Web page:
CanadiEM Frontline Primer

CanadiEM Frontline Primer – Monitor Leads & ECGs

In Medical Concepts by Teresa ChanLeave a Comment

ECG Illustrations adapted with permission from the site

Attaching Monitor Leads

It’s probably been a while since you attached cardiac monitor leads. Here is a quick rhyme to help you remember!

  1. White on right (Put the white lead on your patient’s right arm [RA].)
  2. Smoke over fire (On left side of the patient’s body, black lead goes to left arm [LA], red lead goes below on left leg {LL].)
  3. Poop comes from the tummy (Brown lead in the middle [V], closest to the abdomen)
  4. Green goes last.(Green lead is placed on the limb where isn’t one yet – right leg. [RL])
5 Lead ECG Monitors
Where to attach the 5-point cardiac monitor leads

Where to Place the 12-leads of an ECG?

  • Remember there are only 10 electrodes required for a 12-lead ECG
  • 4 of these are for the limb leads (same as the monitor leads – so you can use the same rhyme, minus the V-lead part)
  • 6 of these replace the V lead (brown lead) and are the precordial leads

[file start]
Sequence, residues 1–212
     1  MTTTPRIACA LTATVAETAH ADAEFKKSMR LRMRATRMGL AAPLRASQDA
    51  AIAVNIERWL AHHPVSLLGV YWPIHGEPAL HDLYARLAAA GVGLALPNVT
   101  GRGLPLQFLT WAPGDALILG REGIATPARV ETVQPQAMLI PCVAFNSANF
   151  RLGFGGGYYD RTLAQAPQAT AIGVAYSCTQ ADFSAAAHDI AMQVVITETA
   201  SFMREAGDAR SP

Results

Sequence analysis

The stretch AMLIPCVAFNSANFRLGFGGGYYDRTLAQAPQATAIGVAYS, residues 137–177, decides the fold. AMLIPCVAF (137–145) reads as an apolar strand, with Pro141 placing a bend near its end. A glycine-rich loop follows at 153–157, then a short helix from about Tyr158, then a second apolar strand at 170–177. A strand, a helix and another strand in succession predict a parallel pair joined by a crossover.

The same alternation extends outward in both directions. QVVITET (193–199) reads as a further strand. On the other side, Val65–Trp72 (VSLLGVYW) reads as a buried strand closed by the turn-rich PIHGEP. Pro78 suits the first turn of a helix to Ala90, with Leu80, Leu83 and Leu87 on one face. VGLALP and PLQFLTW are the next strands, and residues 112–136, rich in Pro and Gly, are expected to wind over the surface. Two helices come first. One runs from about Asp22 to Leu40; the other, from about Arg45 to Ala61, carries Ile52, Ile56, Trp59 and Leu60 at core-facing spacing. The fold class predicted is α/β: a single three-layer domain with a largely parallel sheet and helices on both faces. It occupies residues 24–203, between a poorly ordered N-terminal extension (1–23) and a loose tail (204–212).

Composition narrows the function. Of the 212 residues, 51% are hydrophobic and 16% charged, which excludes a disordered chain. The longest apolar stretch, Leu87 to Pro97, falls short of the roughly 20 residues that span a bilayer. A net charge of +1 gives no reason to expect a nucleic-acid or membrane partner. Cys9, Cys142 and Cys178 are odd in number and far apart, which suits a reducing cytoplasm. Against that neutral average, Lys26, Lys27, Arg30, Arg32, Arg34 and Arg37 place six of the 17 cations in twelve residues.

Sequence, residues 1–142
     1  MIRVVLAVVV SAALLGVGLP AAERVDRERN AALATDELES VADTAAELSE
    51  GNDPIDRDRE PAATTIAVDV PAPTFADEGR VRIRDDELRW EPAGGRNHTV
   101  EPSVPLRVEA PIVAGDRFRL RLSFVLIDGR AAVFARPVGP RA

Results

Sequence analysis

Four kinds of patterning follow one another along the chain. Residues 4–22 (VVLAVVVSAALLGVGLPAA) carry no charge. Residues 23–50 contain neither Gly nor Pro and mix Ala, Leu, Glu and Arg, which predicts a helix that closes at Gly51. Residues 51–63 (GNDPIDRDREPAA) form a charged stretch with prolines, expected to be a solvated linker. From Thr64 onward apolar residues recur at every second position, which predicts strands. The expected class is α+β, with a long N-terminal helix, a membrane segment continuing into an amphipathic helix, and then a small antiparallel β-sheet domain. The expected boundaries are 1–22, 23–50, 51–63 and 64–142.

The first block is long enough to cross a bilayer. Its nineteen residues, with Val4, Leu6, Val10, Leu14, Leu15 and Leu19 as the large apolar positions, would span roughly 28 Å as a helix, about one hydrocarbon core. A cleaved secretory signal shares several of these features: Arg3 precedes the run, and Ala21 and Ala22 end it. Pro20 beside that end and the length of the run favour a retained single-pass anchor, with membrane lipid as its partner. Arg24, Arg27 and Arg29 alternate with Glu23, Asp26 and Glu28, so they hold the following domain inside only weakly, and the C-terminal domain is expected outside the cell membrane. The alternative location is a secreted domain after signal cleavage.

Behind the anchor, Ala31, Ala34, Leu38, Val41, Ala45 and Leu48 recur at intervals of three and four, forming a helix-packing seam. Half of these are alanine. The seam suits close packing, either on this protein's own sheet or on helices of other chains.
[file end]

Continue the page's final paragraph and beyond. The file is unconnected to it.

To review, here’s where you place the precordial leads
  • V1: at the 4th intercostal space (ICS), on the right sternal border
  • V2: 4th ICS, along the left sternal border
  • V4: 5th ICS, at the mid-clavicular line
  • V6: 5th ICS, mid-axillary line (same level as V4)
  • V5: 5th ICS, at the anterior axillary line (same level as V4)
  • V3: midway between V2 and V4

We have listed these OUT OF NUMERICAL ORDER as a hint for how you might best place them to space the leads out properly.

The 10 electrodes for a 12-lead ECG
Placement of 10 electrodes required for a 12-lead ECG.

Recommended Reading, Videos, and Podcasts

The following is part of the CanadiEM Frontline Primer. An introduction to the primer can be found here. To return to the Primer content overview click here.

This post was copyedited and uploaded by Johnny Huang.

Teresa Chan

Senior Editor at CanadiEM
Emergency Physician. Medical Educator. #FOAMed Supporter, Producer and Researcher. Chief Strategy Officer of CanadiEM. Associate Professor, Division of Emergency Medicine, Department of Medicine, McMaster University.